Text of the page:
Zimbabwe took us by surprise; with the best boarder clearance system for the vehicle, a few checks after the border post (which is normal) and no other roadblocks or traffic police.
Diving from Plumtree to the city of Bulawayo was such a stretch with beauty unimaginable. The woodlot belt like that in Zambia was here too and I found myself imbibed into this magical green immensity. No wonder, the white settlers couldn’t miss this opportunity!
We spent a night in Bulawayo (an impressive city) and then head out to Harare the next day through Gweru (where we had a coffee breakfast on a Lay By at 7am on one of the most amazing mornings amidst clean farms in what finally felt like the freedom we had been searching for!)
Harare turned out equally awesome; we checked-in at Small World Backpackers (which turned out one of the best places we stayed) on 9th avenue just near State House! The gothic architecture and the avenues lined with Jacaranda trees were for me a marvel and another obsession come to life. However, the signs of a broken system could not go unnoticed and the mistrust by the locals about the local currency (the Zim Dollar or bonds) and the new Mnangagwa government is simply a continuation of the RG Mugabe reign.
It’s January 6, 2018 and we head East to the Zim/Mozambique boarder at Nyamapanda. After checking out of Zim and proceeding to Mozambique immigration, we were told that they were out of visa papers and that we could only get clearance at the Mozambique Embassy in Harare or use the southerly boarder post at Mutare.
So we were now nowhere, out of Zimbabwe and not in Mozambique! After trying all entry options in vain, we explained our case at the Zim immigration who let us in again, drove back to Harare but decided to ditch Mozambique and retreat north to the ‘homely’ and familiar Zambia through Kirundu boarder.
Back into Zambia
But our car was now pleading for mercy. Losing power often, we literally dragged it back to Lusaka where we replaced the fuel filter and pump, after a back and forth that got us literally stranded in Lusaka for 3 days. But finally, our mechanic, James, did a good job and we then could also put new tyres and the ‘Baby’ was back in great shape.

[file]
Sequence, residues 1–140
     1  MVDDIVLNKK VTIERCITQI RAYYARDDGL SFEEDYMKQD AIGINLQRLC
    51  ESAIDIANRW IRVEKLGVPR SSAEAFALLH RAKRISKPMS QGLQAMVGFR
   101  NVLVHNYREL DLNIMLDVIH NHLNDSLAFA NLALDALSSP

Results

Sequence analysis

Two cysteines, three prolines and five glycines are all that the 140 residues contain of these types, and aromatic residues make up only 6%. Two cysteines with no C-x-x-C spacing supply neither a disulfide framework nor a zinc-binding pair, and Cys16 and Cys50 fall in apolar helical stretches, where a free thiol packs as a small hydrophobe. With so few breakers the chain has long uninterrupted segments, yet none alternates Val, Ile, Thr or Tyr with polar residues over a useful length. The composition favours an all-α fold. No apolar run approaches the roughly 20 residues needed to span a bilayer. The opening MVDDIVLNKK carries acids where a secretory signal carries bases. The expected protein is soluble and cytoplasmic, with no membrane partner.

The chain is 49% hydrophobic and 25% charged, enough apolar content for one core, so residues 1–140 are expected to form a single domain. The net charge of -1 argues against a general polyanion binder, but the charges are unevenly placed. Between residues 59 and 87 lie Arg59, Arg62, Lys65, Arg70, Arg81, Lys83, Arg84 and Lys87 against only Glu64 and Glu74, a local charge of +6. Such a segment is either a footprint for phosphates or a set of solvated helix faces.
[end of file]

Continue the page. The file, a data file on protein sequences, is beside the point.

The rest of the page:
We now headed out to Malawi through the Great East Road and the border post at Mwami on January 10th. We spent one night in Lilongwe and then headed north to Karonga driving for a long stretch along Lake Nyasa, which was the highlight of Malawi. The other highlight was that we encountered 32 roadblocks for a day’s drive between Lilongwe and the northern border of Songwe, including being flagged down by a military hardtop in what looked like an action packed movie.
Back into Tanzania
Back into Tanzania, we spent a night in Mbeya at the same Hotel where we had slept on December 23rd. It felt like homecoming. Tanzania had never been so close to home than how it felt that evening.
With a few hundred bucks left, we had to race to cross this vast country again making it to Dodoma through Iringa on Jan 12th and driving through Singida, Nzega, Kahama and finally to Nyakanazi the next day in what was the most annoying drive we had experienced having to deal with the infamous 50km/hour speed limits for hundreds of kilometers and the extortive traffic police officers.
Our final assault started at 4am from Nyakanazi on the morning of January 14th, driving through a forested area before dawn in what looked like a very suicidal move. We missed the turn at Lusahunga and got lost to the Rwandan boarder at Rusoma before coming back to the right turn and heading for Biharamulo, Bukoba and finally Mutukula boarder in the late afternoon.
The great feeling of being back home was soon replaced by the craziness on the Ugandan roads (something we had totally forgotten), a distance that would take us about 2 hours to drive in southern Africa, took us nearly 7 hours to drive from Mutukula to our final destination in Kampala.
11,421km had been down in 27 days and the road had been the destination.
In the end, the price for freedom and magical experiences is always high, but non-comparable to the insights, the adrenaline, the thrill, the lightness and the unfair advantage that we always emerge with!
Rusho is a serial adventurer traveler living in Kampala. Check out his blog & Instagram @rushongoka